Freemont Indian SP to Moab, UT
Tuesday, October 1, 2013
Sunny & gorgeous, mid 30s morning up to 80 degrees
It was a chilly morning, the price to be paid for clear night skies the time of year. We got on the road about 8:30, headed for Moab.
Parts of the drive were studies in contrast, with agriculture on one side of the road and rugged, dry hills to the other. We were beginning to see more patches of golden leaves and hillsides splattered with shades of yellow and gold, signs of a rapidly approaching fall season.
This drive crossed over a formation known as the San Rafel Swells. There are several neat scenic overlooks along the way. Among them was Castle Valley where Mormons tried to settle in the 1870s. How they ever thought they could graze cattle in this arid valley was beyond us. They failed in this endeavor because it simply was too tough to survive.
Another overlook was at Devil’s Canyon where I-70 descends into a valley. The canyon was a mere six feet wide until it was blasted into submission for the highway. As we looked over the view, we saw smoke at the bottom of the cut. When we drove by we saw a large motor home that had been completely consumed by flames. The occupants apparently got away because the vehicle was pulled off the highway and the car that they were towing had been moved away from the fire scene. Not a fun way to start your day!
The tiny town of Green River is known for the melons they raise. We got off the highway, found a good stand just off the interchange and bought a couple of melons.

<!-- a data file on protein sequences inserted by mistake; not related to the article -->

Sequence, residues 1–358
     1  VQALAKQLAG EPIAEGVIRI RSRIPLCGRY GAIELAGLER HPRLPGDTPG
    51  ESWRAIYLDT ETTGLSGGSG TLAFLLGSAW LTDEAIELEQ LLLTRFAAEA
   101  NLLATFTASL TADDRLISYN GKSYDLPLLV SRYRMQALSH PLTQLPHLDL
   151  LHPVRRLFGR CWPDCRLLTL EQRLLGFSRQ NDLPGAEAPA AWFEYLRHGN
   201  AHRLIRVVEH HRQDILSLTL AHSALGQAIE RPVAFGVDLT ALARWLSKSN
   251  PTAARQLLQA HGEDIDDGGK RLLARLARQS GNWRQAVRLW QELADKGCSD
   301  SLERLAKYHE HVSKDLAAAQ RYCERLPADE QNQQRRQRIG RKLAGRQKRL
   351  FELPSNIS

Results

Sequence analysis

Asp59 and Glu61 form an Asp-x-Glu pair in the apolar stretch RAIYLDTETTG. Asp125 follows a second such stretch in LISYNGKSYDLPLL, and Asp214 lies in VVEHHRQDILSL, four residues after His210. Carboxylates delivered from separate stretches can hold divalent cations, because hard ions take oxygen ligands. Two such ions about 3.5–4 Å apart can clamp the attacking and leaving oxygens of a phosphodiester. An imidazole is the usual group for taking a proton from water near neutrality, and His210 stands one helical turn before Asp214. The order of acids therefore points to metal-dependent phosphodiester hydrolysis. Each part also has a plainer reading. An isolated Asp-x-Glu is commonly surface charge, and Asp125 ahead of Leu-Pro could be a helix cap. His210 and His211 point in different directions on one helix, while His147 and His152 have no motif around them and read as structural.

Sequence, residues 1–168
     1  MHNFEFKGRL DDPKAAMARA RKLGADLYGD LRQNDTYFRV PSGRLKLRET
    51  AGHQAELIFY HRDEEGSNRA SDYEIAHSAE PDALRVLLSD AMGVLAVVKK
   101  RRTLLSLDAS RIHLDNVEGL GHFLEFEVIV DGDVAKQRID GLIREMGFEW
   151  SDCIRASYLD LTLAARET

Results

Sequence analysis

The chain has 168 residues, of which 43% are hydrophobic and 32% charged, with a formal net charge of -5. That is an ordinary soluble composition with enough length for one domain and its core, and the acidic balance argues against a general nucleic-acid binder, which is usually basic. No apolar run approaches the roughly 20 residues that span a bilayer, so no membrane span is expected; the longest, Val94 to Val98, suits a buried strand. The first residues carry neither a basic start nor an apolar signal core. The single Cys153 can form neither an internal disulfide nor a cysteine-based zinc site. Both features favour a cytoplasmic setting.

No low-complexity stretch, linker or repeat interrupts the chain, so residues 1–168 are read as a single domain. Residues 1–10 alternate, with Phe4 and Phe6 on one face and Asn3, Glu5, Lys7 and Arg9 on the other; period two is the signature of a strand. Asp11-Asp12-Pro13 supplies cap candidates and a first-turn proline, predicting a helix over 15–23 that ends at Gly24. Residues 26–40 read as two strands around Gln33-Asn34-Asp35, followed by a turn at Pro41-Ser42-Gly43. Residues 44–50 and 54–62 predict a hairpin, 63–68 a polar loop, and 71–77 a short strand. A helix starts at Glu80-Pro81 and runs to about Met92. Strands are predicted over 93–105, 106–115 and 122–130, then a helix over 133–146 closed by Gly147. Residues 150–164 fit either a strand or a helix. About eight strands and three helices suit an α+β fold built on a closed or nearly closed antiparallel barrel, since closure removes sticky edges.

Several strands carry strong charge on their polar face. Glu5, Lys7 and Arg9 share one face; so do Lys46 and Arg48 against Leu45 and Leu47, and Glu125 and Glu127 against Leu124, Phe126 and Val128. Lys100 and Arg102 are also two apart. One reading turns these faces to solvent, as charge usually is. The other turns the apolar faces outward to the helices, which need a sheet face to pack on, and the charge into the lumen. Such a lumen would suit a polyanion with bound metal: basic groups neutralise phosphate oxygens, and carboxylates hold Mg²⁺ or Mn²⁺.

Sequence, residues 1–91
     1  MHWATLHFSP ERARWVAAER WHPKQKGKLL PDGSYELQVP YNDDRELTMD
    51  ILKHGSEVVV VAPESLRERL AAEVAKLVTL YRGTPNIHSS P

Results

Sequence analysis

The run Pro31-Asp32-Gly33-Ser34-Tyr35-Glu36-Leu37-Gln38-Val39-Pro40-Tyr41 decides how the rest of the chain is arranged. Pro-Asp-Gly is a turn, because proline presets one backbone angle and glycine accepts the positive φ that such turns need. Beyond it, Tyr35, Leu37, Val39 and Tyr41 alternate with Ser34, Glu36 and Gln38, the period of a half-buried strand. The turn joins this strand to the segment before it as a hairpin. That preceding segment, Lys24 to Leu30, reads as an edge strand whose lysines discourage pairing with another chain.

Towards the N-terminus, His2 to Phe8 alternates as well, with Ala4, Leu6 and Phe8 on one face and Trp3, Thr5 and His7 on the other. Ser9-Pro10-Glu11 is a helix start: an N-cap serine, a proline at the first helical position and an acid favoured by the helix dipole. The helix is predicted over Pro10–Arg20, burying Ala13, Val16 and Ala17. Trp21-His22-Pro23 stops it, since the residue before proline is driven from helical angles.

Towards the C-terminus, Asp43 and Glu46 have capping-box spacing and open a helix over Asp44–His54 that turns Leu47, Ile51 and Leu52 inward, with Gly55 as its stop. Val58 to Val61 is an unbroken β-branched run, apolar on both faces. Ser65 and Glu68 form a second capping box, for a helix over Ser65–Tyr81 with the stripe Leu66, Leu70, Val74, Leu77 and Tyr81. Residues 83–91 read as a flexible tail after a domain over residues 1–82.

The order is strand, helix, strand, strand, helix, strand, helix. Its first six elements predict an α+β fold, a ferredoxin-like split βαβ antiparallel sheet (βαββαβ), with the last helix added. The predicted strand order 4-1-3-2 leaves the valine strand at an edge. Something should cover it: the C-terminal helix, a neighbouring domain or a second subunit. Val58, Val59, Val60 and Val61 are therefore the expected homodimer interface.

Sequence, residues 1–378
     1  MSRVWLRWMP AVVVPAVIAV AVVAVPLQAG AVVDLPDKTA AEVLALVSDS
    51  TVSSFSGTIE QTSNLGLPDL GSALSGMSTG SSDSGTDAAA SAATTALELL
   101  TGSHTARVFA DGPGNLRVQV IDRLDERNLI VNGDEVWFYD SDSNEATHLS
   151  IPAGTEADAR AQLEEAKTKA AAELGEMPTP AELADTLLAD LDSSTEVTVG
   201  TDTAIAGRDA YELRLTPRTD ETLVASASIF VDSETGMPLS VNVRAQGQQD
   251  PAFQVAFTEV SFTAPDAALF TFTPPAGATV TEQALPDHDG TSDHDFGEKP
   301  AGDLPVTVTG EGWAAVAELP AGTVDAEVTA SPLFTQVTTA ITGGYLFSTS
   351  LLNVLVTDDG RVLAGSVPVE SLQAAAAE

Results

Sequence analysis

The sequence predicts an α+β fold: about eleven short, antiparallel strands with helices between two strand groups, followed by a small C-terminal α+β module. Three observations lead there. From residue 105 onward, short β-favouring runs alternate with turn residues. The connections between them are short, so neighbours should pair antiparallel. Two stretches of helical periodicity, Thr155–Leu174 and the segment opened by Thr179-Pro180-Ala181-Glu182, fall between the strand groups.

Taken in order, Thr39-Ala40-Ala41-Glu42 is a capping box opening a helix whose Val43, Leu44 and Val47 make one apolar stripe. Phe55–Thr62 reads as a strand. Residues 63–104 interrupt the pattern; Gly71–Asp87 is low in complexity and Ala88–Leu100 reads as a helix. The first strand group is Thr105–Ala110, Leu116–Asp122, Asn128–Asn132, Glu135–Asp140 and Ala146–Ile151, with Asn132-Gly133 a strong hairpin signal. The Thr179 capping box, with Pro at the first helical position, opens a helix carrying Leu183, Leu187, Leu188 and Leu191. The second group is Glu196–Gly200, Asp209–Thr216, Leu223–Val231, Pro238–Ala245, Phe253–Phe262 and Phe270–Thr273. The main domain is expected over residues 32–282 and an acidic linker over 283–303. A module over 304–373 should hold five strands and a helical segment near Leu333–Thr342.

This day marked the second day of the government shutdown. That meant that all national parks were closed. We saw evidence of the closures as we passed the entrance to Arches National Park. There we saw a blockade at the park entrance. People who were already camped inside the parks had been given 48 hours to leave. Rangers were allowing only people camped inside the park to return to their campsites.
Fortunately, our plan for the Moab area was not much to do with the parks since we’d visited them before. This time it was our intention to do other things. Lucky us!
We camped at a nice place, Moab Valley RV Resort, which was the first place we came to on our way into town. We then explored the town and inquired at various vendors about Jeep rentals and river float options.
Back at the campground, we availed ourselves of the pool and hot tub. Hot as it was, Bill enjoyed a long soak in the hot tub.
Dinner was grilled pork tenderloin wrapped in bacon, Brussels sprouts and applesauce. It was a beautiful evening!
Wednesday, October 2, 2013
Sunny & gorgeous, high of 84 deg